When you think about Lake Garda in Italy, images of exclusive hotels, a chic Riviera and expensively-dressed travellers are all likely to spring to mind. And while you may well spot all of these on a break here, you might also see people getting unabashedly wet and wild on the lake.
Adrenalin-pumping sports are perhaps not what you might initially expect to encounter in Lake Garda, but they are available, and holidaymakers are increasingly taking them up. The setting lends itself to water sports, while the drier surroundings are ideal for a range of land-based pastimes – read on to find out exactly what you can get up to on an active getaway to Lake Garda.
One of the most exhilarating sports to try during a break at the lake is windsurfing. The northern section of the body of water is particularly popular among windsurfers and, depending on the time of day you visit, you can expect a challenging experience.
If you decide to give the pastime a go in the morning, the cold wind from the mountains can be strong, making early excursions better suited to those with a decent amount of experience on the water.
The afternoons are characterised by a warmer, gentler wind from the south, making this time of day better for novices and intermediate windsurfers.
If you’d rather get active on dry land, you’ll find plenty of opportunities for some Nordic walking during your holiday. There is a wide range of trails to follow through the areas of Lombardy to the west of the lake and Trentino to the north.
Among the most notable routes is the Mount Brione Forts trek, which will take you around a series of 19th-century castles put up to fortify the area of Riva del Garda. Admire the old buildings and the sight of the distant mountains as you walk from port St Nicolo along the Peace Path to the northern peak and then back again, which should take around two-and-a-quarter hours for experienced hikers.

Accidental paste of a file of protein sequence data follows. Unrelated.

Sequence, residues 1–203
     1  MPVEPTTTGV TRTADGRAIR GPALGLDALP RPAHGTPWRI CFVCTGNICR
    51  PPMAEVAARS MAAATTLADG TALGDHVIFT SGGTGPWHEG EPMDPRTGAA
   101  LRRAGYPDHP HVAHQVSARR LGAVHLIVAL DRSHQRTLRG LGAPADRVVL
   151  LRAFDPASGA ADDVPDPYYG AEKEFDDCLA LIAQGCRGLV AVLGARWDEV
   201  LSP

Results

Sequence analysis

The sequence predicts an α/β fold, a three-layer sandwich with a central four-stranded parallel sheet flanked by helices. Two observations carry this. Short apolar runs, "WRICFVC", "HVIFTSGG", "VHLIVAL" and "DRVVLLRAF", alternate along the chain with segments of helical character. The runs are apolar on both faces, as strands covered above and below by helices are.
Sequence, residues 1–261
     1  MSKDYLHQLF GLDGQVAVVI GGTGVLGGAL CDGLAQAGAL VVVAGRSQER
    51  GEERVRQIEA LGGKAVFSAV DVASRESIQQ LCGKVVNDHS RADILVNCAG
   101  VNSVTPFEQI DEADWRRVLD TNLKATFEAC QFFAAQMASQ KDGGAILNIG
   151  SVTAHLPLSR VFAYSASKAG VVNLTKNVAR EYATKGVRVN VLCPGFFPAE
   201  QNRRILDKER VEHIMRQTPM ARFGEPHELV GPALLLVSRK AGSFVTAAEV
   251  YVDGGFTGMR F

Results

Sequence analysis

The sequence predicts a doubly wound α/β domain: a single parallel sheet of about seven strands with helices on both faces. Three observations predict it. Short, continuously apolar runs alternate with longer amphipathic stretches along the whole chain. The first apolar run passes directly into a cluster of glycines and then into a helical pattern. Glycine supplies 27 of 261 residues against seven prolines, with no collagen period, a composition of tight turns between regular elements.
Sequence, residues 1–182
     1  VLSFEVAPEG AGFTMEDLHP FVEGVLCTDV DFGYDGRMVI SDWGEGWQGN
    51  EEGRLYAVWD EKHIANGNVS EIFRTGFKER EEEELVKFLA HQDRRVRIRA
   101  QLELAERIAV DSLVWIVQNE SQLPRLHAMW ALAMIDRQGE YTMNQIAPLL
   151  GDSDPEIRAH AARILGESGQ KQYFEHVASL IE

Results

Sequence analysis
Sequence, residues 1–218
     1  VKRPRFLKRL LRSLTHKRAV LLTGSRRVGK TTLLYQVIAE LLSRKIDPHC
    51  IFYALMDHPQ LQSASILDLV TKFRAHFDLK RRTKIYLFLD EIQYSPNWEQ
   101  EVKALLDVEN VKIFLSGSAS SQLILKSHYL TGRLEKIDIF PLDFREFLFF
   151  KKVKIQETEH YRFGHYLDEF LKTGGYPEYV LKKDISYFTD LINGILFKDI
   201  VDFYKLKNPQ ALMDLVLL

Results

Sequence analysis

The rugged landscape surrounding Lake Garda makes it a popular spot for climbing, and the areas to the east and north of the lake are particularly ideal. There are cliffs in Veneto to the east, while Trentino is home to the north Garda cliffs, the iron ladder paths and other protected climbing routes known as via ferratas.
In the northern area, Nago is ideal for families, while many of the ladder paths to be found are suitable those with a lot of experience. Climbing is available all year round thanks to the mild climate of the region, and you can be sure of some astounding views as you scale the peaks.
Another popular pastime among visitors to Lake Garda is sailing, and you’ll find dozens of clubs have set up in the local vicinity with a view to providing vessels and tuition for budding sailors. Even children can try their hand at the pastime, with dinghy courses available for youngsters.
Riva is among the top spots for yachting on the lake, while other sailing schools can be found in Arco, Maclesine, Navene and Torbole. As well as dinghies, you can hire catamarans, while those with more experience onboard a vessel can rent sports boats for a more exhilarating experience on the water.